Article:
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Freshfields TQ

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| 3 minutes read

Decisions taken by AI: what should you tell people?

The UK Information Commissioner’s Office and the Alan Turing Institute have issued an interim report on how businesses should explain AI decisions to those affected. The ICO and ATI have been consulting with the public and industry with a view to drafting practical guidance for businesses on how to explain their AI decisions (‘Project ExplAIn’).

Under the GDPR people have a right to an explanation of certain solely automated decisions that affect them.

The interim report gives a welcome indication of what matters to the public and to the organisations who must explain AI decisions to them. We look at some of the key issues below.

1. Context matters

The interim report says that the content of AI explanations will depend on context - specifically the use case and the user.

If a decision can be challenged or the person can receive feedback, explanations are more important. For example, in recruitment or criminal justice, having AI decisions explained will be a priority for the job applicant or defendant. But in healthcare settings, patients will be more concerned with getting a quick and accurate diagnosis than an explanation of how the AI technology reached its conclusion.

How the explanation is pitched will also be tied to the recipient’s level of expertise in the relevant area. In healthcare, explanations may be necessarily very technical – so the best person to receive the explanation might be the healthcare professional rather than the patient. Equally, a recipient might not be in a suitable position to receive or understand an explanation; they might then choose to designate an agent to receive the explanation on their behalf.

The interim report suggests several contextual factors, including:

  • Urgency of the decision
  • Impact of the decision
  • Ability to change factors or influence the decision
  • Scope of bias
  • Scope for interpretation in the decision making process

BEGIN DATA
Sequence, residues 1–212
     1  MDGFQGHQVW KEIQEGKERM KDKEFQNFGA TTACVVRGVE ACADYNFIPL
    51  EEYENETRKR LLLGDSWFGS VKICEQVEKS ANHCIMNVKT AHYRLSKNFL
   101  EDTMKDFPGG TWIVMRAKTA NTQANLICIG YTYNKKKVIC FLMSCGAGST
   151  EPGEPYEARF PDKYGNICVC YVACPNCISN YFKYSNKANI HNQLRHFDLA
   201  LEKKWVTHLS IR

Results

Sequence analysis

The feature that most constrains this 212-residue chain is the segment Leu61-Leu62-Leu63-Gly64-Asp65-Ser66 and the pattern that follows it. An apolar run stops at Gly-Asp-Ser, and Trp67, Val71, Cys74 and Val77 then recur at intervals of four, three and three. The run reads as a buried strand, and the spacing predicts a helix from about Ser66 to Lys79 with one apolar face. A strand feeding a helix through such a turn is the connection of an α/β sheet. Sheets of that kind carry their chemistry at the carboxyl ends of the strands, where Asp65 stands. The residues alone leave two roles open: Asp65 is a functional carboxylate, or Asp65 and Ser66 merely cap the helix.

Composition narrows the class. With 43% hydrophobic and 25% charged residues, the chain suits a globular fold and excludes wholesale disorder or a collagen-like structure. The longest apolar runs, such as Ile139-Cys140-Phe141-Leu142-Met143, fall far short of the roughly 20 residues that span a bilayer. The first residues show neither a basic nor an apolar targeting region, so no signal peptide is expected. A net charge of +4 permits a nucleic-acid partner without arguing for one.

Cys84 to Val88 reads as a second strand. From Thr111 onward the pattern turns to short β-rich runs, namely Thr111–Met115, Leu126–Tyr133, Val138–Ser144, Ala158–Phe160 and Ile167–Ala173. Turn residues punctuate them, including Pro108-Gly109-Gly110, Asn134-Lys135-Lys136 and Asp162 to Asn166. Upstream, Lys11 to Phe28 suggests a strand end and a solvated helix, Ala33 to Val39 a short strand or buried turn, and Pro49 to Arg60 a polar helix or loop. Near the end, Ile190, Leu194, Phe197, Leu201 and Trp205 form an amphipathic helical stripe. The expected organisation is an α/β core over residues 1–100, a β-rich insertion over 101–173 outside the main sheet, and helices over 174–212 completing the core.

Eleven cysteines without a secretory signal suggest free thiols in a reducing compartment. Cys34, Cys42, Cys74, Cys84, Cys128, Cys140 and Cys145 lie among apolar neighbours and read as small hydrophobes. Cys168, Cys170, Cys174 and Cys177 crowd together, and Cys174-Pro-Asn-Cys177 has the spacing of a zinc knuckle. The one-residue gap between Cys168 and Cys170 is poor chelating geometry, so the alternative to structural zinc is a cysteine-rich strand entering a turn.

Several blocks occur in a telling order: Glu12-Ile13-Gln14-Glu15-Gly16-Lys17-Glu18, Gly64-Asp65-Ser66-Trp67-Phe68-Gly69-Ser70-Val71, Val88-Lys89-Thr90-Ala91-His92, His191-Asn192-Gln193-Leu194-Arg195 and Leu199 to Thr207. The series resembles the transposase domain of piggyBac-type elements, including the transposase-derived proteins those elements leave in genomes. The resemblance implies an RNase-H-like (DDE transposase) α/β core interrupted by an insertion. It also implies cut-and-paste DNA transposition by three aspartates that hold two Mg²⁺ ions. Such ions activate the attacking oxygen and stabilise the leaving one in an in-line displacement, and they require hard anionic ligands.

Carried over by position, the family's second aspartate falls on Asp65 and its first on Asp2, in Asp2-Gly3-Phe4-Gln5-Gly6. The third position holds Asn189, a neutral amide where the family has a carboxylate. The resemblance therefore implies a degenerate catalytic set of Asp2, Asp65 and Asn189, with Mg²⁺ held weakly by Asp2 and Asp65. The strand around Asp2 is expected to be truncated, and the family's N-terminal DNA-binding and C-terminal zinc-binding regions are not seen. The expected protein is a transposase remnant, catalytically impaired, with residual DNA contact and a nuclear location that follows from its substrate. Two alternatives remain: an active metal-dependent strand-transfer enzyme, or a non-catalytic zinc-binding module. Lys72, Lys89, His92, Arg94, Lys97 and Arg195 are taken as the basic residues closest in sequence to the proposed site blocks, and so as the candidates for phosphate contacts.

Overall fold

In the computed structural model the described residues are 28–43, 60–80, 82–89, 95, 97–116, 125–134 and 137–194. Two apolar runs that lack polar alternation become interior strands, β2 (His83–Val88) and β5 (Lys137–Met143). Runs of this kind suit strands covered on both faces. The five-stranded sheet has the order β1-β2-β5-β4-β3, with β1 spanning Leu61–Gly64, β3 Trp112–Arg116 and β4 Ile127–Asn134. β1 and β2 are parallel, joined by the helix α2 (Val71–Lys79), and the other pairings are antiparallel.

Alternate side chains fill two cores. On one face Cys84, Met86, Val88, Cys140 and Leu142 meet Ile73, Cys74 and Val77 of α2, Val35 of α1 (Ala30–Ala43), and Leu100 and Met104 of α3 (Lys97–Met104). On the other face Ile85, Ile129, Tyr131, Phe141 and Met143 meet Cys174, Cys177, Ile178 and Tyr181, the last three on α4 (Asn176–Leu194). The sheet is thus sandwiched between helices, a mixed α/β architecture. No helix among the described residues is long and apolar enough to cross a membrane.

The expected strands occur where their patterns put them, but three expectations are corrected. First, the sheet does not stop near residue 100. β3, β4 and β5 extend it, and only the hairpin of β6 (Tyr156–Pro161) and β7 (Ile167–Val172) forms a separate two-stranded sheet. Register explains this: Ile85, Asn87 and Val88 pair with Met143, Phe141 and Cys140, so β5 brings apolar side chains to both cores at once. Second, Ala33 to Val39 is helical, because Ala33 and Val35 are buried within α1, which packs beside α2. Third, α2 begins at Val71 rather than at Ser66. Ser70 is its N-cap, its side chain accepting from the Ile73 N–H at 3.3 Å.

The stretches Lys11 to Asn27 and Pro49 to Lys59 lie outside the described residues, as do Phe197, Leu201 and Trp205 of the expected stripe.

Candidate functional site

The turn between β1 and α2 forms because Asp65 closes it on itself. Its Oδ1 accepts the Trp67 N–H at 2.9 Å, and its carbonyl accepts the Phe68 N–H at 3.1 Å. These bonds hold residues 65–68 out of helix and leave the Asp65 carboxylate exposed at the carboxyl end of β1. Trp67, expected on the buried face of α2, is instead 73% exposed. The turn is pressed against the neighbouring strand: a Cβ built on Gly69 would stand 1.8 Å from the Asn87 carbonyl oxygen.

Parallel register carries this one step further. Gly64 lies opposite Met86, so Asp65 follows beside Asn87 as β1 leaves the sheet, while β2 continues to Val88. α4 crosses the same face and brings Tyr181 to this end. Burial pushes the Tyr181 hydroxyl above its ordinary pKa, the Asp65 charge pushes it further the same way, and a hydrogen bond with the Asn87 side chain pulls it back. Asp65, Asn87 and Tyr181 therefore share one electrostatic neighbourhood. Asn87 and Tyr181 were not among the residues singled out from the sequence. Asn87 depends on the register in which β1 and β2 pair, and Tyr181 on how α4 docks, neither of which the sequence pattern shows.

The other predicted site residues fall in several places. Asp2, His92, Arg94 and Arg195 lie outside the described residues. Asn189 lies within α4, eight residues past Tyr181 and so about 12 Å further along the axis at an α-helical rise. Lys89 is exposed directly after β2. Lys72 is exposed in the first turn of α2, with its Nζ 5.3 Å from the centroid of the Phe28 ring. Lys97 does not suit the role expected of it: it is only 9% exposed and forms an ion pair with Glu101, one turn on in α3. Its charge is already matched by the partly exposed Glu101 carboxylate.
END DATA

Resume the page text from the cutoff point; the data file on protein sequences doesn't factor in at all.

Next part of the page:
• Type of data used

A ‘one size fits all’ approach is unlikely to be successful in delivering appropriate explanations. The report suggests a hierarchy of explanations might work, allowing individuals to choose the amount of detail most relevant to them. This would align with the GDPR’s emphasis on giving people ‘meaningful information’.

2. Increased public education on AI will be important

The report also reveals that there’s an appetite for increased public education on AI in general. There are some concerns about causing confusion by publishing too much information, but the hope is that educating the public will tackle misconceptions about AI and how it works.

Businesses should be responsible for educating their staff internally. However, there’s little suggestion of who should be responsible for educating the general public about AI and, importantly, who would bear the cost.

3. Challenges – cost and commercial risk

The report concludes that the major challenges to explaining AI decisions relate to cost, rather than technical feasibility. Another challenge is how to pitch explanations at an appropriate level of detail – although the hierarchy approach might help here. Industry bodies have mentioned the potential risks of including too much detail in explanations. Examples include revealing commercially sensitive information and potentially infringing third-party IP rights. A data protection risk also arises where a full explanation would include third-party personal data. More cynically, revealing too much about the process might lead to gaming or other exploitation of the decision-making system.

Next steps 

A full draft of the Project ExplAIn report will be out for public consultation this summer, with guidance being published in the autumn. It will be interesting to see to what extent the views in the interim report are embedded into the final guidance.

The Project ExplAIn findings are likely to inform the ICO’s AI auditing framework, which is due to be finalised in 2020. The framework aims to help the ICO assess the data protection compliance of organisations using AI. We’ll also see further guidance for businesses on managing the data protection risk of AI.

If your business uses AI to make decisions, you should consider what types of people might be affected and how meaningful explanations could be tailored to them – but be mindful of the legal and commercial risks of explaining too much.


To read more on AI and how it intersects with regulation and the law, please visit our AI hub.


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